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10/11/03 . by James Meikle, health correspondent . The Guardian . UK  
Children's TV snack adverts face ban  
Food watchdog launches debate on action after obesity warning  

The government's food watchdog launched a consultation on defusing an "obesity time bomb" yesterday by raising the possibility of bans on TV advertising aimed at children, and health warnings on foods high in salt, sugar and fat.

Consumers are being invited to decide whether companies should be allowed to use celebrities to promote children's products through TV advertising or sponsorship.

Schemes that reward schools with books or sports equipment for consuming more of their products will be scrutinised, as will vending machines in schools that offer no healthy alternatives.

The consultation, organised by the Food Standards Agency, provoked warnings from industry of a "nanny state" approach. But the chairman of the agency, Sir John Krebs, said doing nothing was "not an option".

He said: "We know already that many children's diets contain more fat, sugar and salt than is recommended. We know that the level of obesity in children is rising and, in the words of the chief medical officer, is a health time bomb.

"By 2010, it could cost 3.6bn a year and be a very significant factor in the ill health of thousands of people."

About 24 million Britons are overweight or obese - more than half the adult population. Obesity among six-year-olds has doubled in recent years to 8.5%, and trebled to 15% in 15-year-olds. Children are being diagnosed as having a weight-related type of diabetes once limited to the middle-aged, and there are fears that some cancers are diet-related.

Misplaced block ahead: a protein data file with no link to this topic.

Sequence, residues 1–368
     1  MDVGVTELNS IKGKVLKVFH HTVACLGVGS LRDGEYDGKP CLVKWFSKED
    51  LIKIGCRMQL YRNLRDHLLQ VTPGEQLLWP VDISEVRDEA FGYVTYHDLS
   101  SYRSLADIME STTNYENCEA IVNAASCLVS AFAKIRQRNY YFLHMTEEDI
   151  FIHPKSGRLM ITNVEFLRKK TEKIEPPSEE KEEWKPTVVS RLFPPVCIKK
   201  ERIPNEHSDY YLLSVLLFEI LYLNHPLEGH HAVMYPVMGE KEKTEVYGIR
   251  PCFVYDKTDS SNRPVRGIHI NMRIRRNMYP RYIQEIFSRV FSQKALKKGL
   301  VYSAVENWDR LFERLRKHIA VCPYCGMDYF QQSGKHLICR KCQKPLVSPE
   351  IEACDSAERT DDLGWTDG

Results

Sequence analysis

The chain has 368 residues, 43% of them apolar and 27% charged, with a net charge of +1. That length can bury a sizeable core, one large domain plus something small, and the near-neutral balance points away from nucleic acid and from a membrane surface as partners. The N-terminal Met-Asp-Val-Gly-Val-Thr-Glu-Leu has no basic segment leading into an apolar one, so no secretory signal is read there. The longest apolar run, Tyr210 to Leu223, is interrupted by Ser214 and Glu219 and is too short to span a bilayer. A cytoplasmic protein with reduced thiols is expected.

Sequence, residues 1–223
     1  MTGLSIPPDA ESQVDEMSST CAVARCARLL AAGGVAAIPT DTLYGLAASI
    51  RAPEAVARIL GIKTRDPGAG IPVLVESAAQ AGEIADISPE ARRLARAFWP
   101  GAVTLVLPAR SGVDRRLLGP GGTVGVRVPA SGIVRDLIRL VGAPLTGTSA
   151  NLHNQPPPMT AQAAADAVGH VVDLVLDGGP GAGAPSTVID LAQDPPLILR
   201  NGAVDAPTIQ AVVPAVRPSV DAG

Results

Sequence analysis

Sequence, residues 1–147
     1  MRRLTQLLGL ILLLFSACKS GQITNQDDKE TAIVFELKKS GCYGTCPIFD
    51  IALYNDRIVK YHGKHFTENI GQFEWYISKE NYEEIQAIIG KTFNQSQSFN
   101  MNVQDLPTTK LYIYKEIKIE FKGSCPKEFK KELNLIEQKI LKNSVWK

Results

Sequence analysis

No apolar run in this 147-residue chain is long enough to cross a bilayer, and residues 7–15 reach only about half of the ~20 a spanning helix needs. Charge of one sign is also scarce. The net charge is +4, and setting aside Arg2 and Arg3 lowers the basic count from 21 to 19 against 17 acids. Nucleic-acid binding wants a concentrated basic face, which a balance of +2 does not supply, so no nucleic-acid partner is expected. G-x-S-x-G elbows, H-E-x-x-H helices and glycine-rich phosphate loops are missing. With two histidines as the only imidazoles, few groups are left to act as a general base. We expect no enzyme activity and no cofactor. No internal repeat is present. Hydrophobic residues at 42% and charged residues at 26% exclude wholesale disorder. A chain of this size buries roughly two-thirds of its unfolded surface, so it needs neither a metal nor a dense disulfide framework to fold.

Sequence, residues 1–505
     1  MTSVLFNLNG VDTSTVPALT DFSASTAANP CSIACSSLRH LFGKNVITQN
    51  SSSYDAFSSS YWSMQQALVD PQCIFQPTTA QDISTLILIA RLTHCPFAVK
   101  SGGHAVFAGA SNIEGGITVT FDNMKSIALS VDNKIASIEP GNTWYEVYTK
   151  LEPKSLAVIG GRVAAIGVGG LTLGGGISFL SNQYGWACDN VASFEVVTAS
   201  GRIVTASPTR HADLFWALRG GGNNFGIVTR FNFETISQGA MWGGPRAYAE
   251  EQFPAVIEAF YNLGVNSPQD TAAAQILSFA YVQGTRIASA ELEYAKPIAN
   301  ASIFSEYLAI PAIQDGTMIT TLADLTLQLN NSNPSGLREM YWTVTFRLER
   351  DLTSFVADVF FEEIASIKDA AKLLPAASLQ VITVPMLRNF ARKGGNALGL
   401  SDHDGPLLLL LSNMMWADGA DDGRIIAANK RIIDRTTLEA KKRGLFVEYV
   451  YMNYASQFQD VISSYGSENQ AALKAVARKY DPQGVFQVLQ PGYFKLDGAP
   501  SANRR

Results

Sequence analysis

The Department of Culture, Media and Sport is known to be reluctant to ban TV food adverts aimed at youngsters, although the backbench Labour MP Deborah Shipley is trying through a private member's bill to stop such advertising for pre-school children.

Existing codes stipulate that adverts may not encourage children to eat or drink frequently during the day, or suggest that confectionery or snacks can replace balanced meals. The food industry recently promised to reduce salt in food.

But the Food Standards Agency yesterday pointed to a study by the campaign group Sustain, published in 2001, which found that half the adverts during children's TV programmes were from food companies - against only a fifth during adult programming. Many adverts promoted breakfast cereals, soft drinks, savoury snacks, confectionery and fast food.

The agency published research last month by Gerard Hastings of the University of Strathclyde's centre for social marketing, which found food advertising did have an effect on children.

A poll for the Guardian by ICM found recently that nearly 70% of adults favoured banning crisp, chocolate and fizzy drink vending machines from schools; 57% wanted food advertising banned during children's TV.

The FSA is also urging the industry to apply the same incentives to healthy foods as it does to unhealthy options: placing products near checkouts, using cartoon characters to promote them, allocating reward points, and introducing "buy one get one free" promotions.

The Consumers' Association last night welcomed the agency consultation.

Martin Paterson, the deputy director general of the Food and Drink Federation, said food promotion was already highly regulated and the industry took a "very responsible view" about products aimed at children. "Parents will take a dim view of 'nanny state' approaches to matters of personal choice," Mr Paterson said.

Copyright Guardian Newspapers Limited  
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